“When you see the lipstick kisses …” - military repatriation, public mourning and the politics of respect

Sandra Lyn Walklate, Gabe Mythen, Ross McGarry

Research output: Contribution to journalArticleResearchpeer-review

6 Citations (Scopus)


Between 2007 and 2011, a small town in Wiltshire became indelibly associated
with the repatriation of military personnel killed as a result of British involvement in the conflicts in Iraq and Afghanistan. This article offers some empirical insight into, and analysis of, what this process of bringing the dead back home meant for the people of Wootton Bassett, a town afforded “Royal” status for their role in this particular repatriation process. The data gathered affords a unique opportunity to offer some general reflections on the presence of death and the politics of respect evidenced during this time and the wider implications that these process have for making sense of the ineffable within contemporary society. We suggest that Royal Wootton Bassett has not only changed the way in which we “mark the sacrifice of war”, but also encourages us as social scientists to critically reflect on the extent to which the theories that we have enable us to make sense of contemporary practices of public mourning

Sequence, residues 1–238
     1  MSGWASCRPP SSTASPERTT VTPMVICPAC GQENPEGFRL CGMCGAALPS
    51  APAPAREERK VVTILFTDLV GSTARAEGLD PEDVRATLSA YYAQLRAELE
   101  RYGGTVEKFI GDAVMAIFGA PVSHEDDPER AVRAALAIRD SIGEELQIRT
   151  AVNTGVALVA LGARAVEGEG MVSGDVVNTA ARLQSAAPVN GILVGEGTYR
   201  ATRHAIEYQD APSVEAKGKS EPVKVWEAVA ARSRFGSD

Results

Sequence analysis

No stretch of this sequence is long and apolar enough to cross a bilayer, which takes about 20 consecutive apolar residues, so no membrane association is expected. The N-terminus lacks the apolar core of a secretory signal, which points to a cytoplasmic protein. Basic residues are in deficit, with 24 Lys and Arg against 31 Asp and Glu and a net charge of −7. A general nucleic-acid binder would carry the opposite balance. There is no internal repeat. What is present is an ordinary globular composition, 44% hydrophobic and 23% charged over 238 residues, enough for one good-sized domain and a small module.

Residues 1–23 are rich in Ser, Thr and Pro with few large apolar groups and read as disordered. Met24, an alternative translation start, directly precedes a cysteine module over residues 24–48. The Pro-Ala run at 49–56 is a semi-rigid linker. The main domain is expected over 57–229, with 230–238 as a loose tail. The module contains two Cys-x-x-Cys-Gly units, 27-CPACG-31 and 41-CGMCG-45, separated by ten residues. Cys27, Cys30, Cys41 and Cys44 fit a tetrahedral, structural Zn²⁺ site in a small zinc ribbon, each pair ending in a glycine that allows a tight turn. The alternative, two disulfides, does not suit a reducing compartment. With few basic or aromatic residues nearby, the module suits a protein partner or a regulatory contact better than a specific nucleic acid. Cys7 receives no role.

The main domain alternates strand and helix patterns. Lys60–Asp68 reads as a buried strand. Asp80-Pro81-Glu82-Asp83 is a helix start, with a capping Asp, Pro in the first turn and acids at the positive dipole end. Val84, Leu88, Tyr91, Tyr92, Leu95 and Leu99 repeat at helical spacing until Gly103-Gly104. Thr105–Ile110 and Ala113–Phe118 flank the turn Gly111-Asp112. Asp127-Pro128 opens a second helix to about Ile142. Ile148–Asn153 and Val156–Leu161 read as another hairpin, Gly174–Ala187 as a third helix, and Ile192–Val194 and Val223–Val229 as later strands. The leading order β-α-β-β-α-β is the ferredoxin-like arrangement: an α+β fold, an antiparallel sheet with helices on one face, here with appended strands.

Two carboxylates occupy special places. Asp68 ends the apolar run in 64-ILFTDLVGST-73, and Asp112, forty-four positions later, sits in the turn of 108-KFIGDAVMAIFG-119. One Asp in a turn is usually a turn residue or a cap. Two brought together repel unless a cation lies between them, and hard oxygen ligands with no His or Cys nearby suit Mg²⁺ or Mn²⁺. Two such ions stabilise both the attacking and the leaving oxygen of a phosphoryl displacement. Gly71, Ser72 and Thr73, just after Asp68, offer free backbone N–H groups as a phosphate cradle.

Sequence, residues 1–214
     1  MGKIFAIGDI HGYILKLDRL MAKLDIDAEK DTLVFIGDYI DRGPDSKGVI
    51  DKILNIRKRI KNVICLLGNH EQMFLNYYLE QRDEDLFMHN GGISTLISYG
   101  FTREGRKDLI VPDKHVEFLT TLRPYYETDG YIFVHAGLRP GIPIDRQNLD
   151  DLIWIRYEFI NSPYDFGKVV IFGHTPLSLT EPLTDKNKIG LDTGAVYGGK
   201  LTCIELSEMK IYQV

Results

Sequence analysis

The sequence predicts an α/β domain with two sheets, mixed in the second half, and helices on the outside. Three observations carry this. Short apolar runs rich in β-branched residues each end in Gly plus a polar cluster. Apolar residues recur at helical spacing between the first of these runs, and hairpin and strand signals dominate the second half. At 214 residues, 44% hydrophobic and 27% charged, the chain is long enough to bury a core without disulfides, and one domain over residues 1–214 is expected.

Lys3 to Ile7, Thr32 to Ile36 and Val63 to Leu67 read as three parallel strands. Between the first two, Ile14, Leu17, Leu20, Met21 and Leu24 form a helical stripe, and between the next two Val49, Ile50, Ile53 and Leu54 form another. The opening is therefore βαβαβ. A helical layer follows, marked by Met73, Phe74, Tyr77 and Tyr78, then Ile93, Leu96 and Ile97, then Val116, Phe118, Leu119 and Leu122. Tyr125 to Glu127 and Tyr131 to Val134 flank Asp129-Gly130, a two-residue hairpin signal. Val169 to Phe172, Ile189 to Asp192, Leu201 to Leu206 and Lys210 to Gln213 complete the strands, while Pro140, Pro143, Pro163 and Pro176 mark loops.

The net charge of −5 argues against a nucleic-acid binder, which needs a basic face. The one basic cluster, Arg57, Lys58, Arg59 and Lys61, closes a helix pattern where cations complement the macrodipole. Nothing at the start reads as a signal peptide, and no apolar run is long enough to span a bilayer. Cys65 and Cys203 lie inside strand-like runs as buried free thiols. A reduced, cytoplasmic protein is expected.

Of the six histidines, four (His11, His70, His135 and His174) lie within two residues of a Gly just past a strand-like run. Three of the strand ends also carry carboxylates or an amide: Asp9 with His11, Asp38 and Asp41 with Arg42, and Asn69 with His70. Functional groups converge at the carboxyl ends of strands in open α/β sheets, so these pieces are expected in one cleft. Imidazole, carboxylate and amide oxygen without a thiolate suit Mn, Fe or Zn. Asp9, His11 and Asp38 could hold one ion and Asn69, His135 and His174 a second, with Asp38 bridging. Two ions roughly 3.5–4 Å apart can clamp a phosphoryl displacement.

Original languageEnglish
Article number15009
Pages (from-to)1-9
Number of pages9
JournalPalgrave Communications
Publication statusPublished - 2015
Externally publishedYes

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